Lecture: 'God's Terrible Voice in the City: Religious Interpretations of the Plague and the Great Fire of London in 1665-66'
This year the Division for Late Medieval and Reformation Studies' Summer Lecture Series, "Holy Terror: Interpretation of Natural Disasters," being held in conjunction with St. Philip’s in the Hills Episcopal Church, examines the interpretation of natural disasters.
Whenever a crisis occurred in late medieval and early modern Europe, even ordinary people expressed their view of the universe in explaining this extreme event. Their reactions give us a way of seeing into the mentalities of the populace at large and not simply of the learned. Floods and famines, epidemic disease, fires and earthquakes shook the lives of everyone when they struck. All looked to heaven and to human sin for explanations in a prescientific world.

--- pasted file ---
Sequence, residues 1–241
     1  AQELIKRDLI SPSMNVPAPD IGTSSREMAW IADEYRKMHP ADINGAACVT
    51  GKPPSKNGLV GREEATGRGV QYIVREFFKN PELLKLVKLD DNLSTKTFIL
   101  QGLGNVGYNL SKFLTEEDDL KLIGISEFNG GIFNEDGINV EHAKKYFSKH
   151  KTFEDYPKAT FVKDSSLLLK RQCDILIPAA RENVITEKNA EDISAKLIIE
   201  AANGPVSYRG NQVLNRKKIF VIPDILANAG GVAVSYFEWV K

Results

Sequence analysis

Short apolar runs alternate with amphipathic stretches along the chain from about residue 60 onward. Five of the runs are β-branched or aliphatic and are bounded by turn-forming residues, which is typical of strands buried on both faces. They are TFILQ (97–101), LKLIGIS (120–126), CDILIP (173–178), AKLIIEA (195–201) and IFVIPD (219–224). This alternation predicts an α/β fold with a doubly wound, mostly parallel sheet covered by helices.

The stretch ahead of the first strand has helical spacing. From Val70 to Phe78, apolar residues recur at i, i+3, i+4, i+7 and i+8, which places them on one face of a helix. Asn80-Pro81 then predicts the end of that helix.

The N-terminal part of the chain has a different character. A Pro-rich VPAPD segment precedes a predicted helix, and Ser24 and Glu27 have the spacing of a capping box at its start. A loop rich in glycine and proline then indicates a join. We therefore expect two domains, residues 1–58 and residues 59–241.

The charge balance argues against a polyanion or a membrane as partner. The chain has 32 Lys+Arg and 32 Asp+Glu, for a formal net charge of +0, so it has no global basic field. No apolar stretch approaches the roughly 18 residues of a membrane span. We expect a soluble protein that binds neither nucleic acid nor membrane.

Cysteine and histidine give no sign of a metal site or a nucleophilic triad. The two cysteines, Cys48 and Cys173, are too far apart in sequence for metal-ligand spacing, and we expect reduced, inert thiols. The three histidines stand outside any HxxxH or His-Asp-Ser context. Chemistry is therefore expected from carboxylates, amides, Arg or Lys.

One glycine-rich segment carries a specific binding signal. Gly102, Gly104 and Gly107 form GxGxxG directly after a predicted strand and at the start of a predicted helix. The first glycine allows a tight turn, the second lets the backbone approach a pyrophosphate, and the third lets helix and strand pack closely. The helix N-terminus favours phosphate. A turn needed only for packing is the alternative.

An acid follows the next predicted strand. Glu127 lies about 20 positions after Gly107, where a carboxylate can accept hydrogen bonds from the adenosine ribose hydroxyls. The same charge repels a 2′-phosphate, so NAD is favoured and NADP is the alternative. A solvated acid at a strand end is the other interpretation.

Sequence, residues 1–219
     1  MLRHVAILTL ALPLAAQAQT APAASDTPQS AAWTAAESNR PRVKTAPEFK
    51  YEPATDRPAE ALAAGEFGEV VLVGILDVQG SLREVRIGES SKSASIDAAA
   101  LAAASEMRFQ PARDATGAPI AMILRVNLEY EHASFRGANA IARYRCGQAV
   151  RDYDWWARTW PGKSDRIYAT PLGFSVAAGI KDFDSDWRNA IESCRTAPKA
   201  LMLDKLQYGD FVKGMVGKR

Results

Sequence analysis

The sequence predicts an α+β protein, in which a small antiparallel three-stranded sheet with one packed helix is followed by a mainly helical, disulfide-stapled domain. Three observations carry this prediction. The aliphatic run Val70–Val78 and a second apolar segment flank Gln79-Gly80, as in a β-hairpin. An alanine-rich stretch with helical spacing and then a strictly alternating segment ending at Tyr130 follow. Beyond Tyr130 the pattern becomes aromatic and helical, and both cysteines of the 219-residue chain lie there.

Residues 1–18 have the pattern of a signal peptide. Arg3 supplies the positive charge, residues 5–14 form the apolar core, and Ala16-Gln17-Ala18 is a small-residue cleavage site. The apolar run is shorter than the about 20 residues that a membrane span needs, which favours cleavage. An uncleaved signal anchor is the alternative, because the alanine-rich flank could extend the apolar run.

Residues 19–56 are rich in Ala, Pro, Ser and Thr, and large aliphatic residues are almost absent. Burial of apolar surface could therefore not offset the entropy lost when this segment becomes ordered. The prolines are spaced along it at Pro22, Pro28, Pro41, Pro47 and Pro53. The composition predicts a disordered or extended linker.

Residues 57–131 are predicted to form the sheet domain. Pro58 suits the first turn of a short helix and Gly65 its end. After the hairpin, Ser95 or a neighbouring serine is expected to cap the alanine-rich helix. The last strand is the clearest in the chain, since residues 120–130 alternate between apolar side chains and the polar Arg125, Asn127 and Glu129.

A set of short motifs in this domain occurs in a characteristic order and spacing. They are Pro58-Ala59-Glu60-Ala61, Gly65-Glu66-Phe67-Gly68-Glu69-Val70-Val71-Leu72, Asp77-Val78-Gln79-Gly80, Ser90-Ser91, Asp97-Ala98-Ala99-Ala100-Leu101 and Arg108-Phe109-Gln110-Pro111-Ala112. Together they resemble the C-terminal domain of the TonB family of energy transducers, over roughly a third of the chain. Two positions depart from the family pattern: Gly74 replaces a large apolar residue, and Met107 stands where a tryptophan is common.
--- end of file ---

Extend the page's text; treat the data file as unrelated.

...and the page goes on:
On Sunday, Aug. 25, the fourth and final lecture, titled "'God’s Terrible Voice in the City': Religious Interpretations of the Plague and the Great Fire of London in 1665-66," will be presented by Ute Lotz-Heumann, the Heiko A. Oberman Professor of Late Medieval and Reformation History.
The series comprises four lectures presented on consecutive Sundays beginning on Aug. 4.